The Turban

Will the Turban Return...?

Lana Turner. Still from The Postman Always Rings Twice
Although they were a popular item in the 1940s and can be convenient for disguising hair loss,  I can't see that particular style of turban making a major mainstream comeback - partly because they have that "just got out of the shower and rolled a towel around my head" look, despite the fact that Lana Turner does look pretty attractive in the still photo above. Of course there are turbans and there are turbans - those brightly coloured, interestingly knotted turbans many African women wear look sensational and on the right head, anything can look good.  Plus, just a simple silk scarf can look very spiff tied in a turban style.

Still from White Mischief
Turbans for women were nothing new and they were frequently worn by European women in the 1700s. However, 20th century fashion turbans on Western women were inspired by  far-way places like Africa and the Middle-East and various versions were also relatively popular in the daring 1920s, when there was a particular penchant for the exotic. In the 40s, a relatively subdued Hollywood version of the turban, as seen on Lana above, was the predominant style, though there were many elaborations to this basic style...some wildly extravagant.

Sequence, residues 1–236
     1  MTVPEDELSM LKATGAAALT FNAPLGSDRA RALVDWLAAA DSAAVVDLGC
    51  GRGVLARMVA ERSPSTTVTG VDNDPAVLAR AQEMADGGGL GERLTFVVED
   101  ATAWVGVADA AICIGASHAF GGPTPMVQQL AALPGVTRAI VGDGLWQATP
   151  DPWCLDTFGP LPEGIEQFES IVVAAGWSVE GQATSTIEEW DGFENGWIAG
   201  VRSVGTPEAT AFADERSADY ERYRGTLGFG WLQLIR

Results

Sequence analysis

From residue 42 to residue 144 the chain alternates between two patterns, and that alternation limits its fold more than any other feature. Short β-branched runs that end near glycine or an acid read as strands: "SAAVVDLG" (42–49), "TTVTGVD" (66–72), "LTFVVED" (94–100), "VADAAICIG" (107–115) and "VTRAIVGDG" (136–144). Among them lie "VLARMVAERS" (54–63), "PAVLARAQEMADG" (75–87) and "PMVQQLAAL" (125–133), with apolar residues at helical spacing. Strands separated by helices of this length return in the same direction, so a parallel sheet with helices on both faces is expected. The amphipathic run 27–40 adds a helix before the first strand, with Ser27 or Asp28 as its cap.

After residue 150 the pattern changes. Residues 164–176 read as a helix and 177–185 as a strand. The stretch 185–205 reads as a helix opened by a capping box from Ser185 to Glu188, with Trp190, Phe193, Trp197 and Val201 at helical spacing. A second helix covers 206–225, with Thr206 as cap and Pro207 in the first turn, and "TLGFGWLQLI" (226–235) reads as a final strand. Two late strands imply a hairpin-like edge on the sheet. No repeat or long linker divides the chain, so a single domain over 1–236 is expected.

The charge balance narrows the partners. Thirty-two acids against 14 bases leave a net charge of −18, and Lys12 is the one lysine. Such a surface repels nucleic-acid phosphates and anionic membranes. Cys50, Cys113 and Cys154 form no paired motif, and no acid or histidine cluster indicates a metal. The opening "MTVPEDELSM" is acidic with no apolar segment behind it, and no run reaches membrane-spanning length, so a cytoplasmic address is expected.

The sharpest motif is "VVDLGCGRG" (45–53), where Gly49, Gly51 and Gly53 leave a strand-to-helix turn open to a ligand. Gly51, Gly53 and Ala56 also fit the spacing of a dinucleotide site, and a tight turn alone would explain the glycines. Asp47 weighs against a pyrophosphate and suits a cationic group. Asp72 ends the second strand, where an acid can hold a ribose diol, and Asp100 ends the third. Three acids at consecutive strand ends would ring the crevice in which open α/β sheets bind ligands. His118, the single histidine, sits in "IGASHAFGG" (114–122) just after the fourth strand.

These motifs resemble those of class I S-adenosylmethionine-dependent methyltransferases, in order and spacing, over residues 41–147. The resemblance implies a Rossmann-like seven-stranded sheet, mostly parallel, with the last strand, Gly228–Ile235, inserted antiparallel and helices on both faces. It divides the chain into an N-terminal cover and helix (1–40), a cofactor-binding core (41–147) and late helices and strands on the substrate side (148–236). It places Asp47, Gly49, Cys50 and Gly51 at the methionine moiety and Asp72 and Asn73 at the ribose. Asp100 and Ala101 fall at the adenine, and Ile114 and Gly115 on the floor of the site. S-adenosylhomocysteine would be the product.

40s styles could range from a headband form with a turban knot, or a turban cap which covered the whole head (sometimes with a heavy, rolled fringe poking out) and more structured turban hats such as the green number with a gold clasp in the photo above right, worn by Greta Scacchi in the film White Mischief, set in 1940s colonial Africa. Singer and actress Carmen Miranda eccentrically piled a tower of fake fruit on her turban and it became her trademark. I suppose in the loosest sense, it's a style that never really dissappeared, since there are scores of women who wear some version of the turban in many different parts of the world.

Carmen Miranda wearing  her trademark fruit.